The road is not smooth, even after the regulatory hurdles are cleared. Zynga will have to compete with real-life big players such as Wynn Resorts (NASDAQ: WYNN) and Caesars Entertainment. Wynn Resorts is rumored to be in talks with Zynga for a possible collaboration when online gambling is legalized. Despite its enviable standing in social gaming sector, Zynga lacks the infrastructure required for online gambling operations. While Wynn Resorts can help Zynga with its existing operations, the Nevada-based company can draw synergies from Zynga's massive user base at the same time. Wynn is currently witnessing a decline in its domestic business while its Macau operations pick up traction. The company recently reported its quarterly numbers, beating consensus estimates.  

Once online gambling is legalized, however, expect the ring to be packed with other players, including Boyd Gaming and MGM Resorts International. Among such heavyweight movers and shakers, Zynga is going to have a tough time carving out a niche.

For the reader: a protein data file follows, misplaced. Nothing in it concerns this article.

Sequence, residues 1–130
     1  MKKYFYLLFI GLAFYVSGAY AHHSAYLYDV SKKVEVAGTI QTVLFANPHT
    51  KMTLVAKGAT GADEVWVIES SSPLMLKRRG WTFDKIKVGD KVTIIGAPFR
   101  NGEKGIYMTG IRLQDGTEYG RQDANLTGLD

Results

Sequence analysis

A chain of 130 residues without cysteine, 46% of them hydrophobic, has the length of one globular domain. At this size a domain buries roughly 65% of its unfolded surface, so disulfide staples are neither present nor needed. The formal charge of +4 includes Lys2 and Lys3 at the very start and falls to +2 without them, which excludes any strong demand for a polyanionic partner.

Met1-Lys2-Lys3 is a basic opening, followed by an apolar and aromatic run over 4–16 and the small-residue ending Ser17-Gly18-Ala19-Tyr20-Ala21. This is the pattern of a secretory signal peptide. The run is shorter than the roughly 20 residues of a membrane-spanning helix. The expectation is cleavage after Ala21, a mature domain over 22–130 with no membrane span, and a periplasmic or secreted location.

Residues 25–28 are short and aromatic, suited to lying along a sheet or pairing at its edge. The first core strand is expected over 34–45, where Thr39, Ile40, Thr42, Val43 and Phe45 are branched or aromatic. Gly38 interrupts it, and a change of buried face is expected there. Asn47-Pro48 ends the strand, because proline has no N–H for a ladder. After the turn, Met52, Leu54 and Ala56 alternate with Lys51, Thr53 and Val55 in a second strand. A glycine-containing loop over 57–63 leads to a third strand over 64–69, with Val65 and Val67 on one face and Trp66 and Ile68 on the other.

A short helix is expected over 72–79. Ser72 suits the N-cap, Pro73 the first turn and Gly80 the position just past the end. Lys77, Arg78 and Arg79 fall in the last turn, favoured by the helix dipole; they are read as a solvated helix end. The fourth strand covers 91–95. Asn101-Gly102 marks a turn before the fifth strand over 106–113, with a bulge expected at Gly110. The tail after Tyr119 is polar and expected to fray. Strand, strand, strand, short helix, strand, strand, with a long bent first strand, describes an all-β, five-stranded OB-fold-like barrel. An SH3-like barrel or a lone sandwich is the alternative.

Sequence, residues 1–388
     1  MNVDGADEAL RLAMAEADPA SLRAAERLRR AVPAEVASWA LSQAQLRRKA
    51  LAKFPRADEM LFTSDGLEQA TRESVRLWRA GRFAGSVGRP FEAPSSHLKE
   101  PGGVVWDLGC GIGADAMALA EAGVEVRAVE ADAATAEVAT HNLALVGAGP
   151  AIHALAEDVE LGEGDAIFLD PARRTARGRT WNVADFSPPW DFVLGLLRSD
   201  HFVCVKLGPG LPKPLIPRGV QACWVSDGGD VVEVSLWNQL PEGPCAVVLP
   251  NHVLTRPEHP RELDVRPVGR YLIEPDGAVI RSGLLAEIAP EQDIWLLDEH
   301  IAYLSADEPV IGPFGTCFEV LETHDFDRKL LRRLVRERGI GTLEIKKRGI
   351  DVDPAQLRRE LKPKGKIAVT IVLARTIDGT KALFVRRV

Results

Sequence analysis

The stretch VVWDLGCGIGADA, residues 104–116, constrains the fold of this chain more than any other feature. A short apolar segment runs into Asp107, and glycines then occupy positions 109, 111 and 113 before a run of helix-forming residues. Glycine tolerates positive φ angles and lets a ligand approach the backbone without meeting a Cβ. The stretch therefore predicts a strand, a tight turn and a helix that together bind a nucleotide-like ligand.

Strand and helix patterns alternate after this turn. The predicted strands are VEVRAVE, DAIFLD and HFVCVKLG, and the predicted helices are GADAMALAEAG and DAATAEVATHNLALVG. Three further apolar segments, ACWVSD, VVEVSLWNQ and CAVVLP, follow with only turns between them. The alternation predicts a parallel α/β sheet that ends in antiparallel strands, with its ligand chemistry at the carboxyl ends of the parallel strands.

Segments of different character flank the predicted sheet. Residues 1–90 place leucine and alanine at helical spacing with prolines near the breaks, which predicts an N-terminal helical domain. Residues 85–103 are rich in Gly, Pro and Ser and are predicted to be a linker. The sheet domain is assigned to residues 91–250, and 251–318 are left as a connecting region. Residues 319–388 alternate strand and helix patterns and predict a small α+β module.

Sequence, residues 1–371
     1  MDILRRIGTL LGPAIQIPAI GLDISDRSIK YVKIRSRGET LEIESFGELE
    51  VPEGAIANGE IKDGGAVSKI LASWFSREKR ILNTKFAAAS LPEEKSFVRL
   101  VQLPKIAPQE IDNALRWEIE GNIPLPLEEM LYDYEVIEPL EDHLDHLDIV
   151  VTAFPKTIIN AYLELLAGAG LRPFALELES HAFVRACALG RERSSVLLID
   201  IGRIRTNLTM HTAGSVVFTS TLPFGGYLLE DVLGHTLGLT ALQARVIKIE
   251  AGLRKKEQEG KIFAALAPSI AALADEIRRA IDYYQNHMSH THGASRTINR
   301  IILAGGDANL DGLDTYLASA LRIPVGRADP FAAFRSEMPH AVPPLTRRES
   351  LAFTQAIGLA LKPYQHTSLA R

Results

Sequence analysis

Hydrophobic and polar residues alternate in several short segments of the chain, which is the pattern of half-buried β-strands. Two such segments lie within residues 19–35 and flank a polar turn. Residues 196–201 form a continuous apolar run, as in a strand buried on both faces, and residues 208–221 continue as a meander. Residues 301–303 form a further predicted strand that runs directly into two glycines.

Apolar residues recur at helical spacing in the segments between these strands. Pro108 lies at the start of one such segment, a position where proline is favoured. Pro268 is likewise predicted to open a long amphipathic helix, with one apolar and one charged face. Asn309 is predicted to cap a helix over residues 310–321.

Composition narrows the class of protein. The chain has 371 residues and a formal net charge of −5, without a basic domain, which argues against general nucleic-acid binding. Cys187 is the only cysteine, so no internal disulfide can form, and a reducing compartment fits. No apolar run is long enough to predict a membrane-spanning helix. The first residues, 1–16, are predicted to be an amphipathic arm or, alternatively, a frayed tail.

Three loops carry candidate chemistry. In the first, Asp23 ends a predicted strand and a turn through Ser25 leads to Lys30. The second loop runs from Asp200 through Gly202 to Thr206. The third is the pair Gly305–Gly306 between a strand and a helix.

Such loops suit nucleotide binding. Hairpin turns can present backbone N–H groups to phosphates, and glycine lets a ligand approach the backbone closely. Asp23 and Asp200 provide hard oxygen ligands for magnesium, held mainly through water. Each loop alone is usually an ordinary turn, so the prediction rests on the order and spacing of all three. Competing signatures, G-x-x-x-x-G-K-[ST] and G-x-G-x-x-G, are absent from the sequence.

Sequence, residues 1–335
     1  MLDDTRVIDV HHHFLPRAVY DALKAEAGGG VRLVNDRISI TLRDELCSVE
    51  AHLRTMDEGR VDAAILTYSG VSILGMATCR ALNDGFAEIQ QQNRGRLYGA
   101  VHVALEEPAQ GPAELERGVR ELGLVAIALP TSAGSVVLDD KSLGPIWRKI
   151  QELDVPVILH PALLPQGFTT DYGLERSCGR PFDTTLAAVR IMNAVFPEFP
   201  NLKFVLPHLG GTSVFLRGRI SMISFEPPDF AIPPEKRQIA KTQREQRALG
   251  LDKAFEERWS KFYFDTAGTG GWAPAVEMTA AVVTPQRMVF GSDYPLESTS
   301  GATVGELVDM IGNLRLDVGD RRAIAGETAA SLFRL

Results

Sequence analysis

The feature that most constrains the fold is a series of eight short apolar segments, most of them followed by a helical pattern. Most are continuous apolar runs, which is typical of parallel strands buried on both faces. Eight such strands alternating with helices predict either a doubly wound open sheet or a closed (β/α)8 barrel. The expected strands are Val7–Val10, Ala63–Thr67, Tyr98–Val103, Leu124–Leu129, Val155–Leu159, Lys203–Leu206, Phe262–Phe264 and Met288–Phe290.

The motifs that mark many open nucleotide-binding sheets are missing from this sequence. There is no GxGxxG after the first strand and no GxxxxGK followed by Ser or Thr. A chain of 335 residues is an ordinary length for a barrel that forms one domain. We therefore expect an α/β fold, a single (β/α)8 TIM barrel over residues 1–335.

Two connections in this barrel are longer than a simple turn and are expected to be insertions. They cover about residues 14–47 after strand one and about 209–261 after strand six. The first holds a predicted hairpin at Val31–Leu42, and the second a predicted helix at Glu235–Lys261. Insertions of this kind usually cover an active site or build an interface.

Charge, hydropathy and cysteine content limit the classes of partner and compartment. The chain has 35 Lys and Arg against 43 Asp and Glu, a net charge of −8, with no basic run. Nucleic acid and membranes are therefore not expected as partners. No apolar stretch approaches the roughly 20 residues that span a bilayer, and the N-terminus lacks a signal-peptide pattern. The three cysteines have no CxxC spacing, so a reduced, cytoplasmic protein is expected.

Mass exodus of talent and users

While the company’s future hinges on the shaky ground of online gambling, Zynga is getting deserted by not only its employees but also by its users. In the last couple of months, the company saw the departure of a number of its top executives. But the more worrisome news was announced last month, as the company reported a 21% decline in its daily user activity in the previous quarter. Its revenue dipped 18% on year-over-year basis.

The company launched sequels to some of its successful titles to plug the outflow of users. It is now planning to ramp up its game launch cycle. About a month back, Zynga released second the iteration of its runaway success "Draw Something." It also launched "Running with Friends," trying to capitalize on the buzz created by "Temple Run." So far, these two titles have generated only minimal attention. "Draw Something 2" topped out at no. 2 in the Apple App Store, and then faced a constant decline. While both the games are likely to add to Zynga’s bottom line, their lukewarm performance cast a shadow of doubt over the robustness of the gaming company’s upcoming titles.

Silver lining in the cloud